Clinical research strengths

The Melbourne Biomedical Precinct’s five clinical research strengths are the areas where it will generate the strongest health and economic impact over the next 10 years.

They represent areas of comparative advantage for the Melbourne Biomedical Precinct based on research output, reputation, world-class expertise and landmark institutions and facilities.

These five clinical research strengths are not the only areas of high-quality health research occurring in the Melbourne Biomedical Precinct. For example, Precinct Partners are also globally recognised in electrophysiology, dental research and maternal and women’s health.

01 - Infectious diseases and immunology
The Melbourne Biomedical Precinct has a proud history of leadership in infectious diseases. There are also established partnerships within the Melbourne Biomedical Precinct with global health institutions including the World Health Organization (WHO), the Bill & Melinda Gates Foundation, American Foundation for AIDS Research, National Institutes of Health and The Wellcome Trust.
02 - Neurosciences including mental health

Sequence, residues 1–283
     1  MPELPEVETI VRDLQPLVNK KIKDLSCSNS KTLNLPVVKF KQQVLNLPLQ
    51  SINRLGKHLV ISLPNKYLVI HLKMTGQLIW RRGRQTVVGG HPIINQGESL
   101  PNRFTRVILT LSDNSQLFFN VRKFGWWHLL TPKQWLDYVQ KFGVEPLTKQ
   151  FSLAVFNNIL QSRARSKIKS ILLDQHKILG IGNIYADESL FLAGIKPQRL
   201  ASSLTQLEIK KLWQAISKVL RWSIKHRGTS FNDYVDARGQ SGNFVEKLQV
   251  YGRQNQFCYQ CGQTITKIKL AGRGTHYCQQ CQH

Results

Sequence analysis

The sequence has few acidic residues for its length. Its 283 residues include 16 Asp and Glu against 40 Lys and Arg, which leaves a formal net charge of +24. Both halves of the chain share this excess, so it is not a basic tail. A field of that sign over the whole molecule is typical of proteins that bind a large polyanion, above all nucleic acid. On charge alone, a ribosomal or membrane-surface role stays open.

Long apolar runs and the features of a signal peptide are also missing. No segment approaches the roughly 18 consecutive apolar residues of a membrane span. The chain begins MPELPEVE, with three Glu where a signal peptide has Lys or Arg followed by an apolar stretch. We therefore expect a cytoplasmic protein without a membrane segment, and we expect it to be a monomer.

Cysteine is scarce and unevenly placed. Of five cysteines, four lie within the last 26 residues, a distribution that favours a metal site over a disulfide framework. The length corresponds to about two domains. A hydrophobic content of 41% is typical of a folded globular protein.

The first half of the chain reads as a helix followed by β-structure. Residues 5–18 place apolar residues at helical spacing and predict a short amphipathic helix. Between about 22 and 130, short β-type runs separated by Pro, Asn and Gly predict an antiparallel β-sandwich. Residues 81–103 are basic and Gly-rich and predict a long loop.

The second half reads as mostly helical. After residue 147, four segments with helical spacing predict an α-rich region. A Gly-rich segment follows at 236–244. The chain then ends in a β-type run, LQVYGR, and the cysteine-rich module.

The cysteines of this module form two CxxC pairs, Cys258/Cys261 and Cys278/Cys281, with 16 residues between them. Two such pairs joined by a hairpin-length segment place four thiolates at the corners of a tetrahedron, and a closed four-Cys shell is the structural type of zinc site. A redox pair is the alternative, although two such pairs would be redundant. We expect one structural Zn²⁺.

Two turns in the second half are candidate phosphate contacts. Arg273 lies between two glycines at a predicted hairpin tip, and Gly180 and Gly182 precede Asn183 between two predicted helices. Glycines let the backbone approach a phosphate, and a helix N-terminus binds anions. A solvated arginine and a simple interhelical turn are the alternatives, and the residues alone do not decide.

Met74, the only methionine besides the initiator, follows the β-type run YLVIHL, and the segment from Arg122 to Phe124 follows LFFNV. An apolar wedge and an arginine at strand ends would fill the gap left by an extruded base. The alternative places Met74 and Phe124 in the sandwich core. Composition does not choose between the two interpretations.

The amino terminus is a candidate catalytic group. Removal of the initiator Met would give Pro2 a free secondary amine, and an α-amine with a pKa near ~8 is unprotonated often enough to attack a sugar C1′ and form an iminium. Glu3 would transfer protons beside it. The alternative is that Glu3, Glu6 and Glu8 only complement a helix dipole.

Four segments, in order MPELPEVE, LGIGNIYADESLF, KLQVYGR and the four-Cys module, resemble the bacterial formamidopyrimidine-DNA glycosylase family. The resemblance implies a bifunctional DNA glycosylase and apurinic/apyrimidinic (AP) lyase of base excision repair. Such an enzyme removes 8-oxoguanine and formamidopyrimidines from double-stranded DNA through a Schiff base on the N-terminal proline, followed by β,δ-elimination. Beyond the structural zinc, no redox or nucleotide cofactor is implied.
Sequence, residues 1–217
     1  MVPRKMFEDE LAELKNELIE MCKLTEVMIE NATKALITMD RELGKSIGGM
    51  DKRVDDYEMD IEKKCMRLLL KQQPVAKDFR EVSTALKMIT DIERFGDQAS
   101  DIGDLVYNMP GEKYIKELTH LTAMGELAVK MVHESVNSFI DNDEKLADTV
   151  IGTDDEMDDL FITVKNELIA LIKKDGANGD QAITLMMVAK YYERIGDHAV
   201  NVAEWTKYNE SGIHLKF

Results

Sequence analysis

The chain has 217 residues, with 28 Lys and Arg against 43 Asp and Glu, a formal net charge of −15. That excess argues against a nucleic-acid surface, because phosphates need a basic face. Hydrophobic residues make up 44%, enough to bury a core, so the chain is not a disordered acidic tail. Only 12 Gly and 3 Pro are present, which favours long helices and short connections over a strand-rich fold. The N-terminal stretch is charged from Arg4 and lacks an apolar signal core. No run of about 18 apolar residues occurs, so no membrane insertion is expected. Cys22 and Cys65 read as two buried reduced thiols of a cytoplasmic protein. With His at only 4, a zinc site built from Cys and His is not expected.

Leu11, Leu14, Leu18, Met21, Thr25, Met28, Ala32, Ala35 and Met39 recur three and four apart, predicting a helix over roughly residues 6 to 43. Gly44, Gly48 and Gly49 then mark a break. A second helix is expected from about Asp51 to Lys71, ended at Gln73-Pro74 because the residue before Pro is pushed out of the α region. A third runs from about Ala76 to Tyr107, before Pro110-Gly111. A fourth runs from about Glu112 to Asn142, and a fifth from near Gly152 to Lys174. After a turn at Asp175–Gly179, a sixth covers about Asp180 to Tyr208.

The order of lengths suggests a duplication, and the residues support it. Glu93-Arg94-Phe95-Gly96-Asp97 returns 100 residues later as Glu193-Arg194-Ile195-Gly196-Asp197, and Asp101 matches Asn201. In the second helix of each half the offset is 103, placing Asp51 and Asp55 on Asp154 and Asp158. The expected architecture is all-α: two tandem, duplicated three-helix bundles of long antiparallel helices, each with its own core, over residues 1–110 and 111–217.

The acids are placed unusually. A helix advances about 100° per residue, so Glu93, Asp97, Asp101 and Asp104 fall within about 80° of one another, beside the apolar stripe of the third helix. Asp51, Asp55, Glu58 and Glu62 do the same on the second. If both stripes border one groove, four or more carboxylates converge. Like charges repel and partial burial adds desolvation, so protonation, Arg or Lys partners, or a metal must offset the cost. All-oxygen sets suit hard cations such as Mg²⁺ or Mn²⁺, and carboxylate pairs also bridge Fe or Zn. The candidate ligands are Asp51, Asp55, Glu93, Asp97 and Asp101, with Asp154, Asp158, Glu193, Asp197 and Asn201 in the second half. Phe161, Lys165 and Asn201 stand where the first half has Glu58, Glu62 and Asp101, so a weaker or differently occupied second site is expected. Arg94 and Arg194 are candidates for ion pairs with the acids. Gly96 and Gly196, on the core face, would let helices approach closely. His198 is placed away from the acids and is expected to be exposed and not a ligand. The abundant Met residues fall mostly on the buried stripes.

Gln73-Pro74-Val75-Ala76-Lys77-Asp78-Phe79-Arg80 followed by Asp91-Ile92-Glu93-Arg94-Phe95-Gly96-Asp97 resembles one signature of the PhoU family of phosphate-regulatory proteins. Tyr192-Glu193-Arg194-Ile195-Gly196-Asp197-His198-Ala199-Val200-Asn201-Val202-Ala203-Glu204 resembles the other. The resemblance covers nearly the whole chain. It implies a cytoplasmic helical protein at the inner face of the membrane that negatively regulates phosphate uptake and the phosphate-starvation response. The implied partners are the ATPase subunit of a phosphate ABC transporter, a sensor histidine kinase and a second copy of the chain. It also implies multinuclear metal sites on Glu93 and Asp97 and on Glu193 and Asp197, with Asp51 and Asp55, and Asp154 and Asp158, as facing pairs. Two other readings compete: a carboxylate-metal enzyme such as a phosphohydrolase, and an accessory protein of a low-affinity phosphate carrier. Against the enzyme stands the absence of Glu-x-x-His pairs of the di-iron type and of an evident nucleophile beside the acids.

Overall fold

Neurosciences, including mental health, is one of the pillars of research excellence in the Melbourne Biomedical Precinct. There is a strong translational thread running through the program, bringing the science out of the research institutes and into the community, hospitals, clinics and patients. The spirit of collaboration is evident in the establishment of pioneering umbrella organisation Neurosciences Victoria (NSV).
03 - Cancer
The multi-site, multi-disciplinary VCCC Alliance aims to reduce the burden of cancer in the community by creating an international centre of research,  clinical care and teaching excellence. In 2012, the VCCC Alliance members recruited approximately 70% of all cancer patients involved in Victorian clinical trials.
04 - Child health
The Melbourne Biomedical Precinct’s expertise in child health provides a critical mass for generating and translating research that improves children’s lives across the globe. It does so with the united vision to advance child health through prevention, early intervention and health promotion. The Melbourne Biomedical Precinct leverages multi-disciplinary expertise, discovery science, genomic medicine, large patient registries and linkages to healthy population data to conduct child health research.
05 - Healthy ageing
Healthy ageing is a growing field of excellence in the Melbourne Biomedical Precinct. The doubling of Australia’s older population to 5.7 million adults aged 65 years and older by 2031 presents major challenges and opportunities for innovative research. The work of the Melbourne Biomedical Precinct represents internationally recognised themes that improve quality of life, prevent disease and manage cardiovascular, hearing, vision and musculoskeletal health into later life.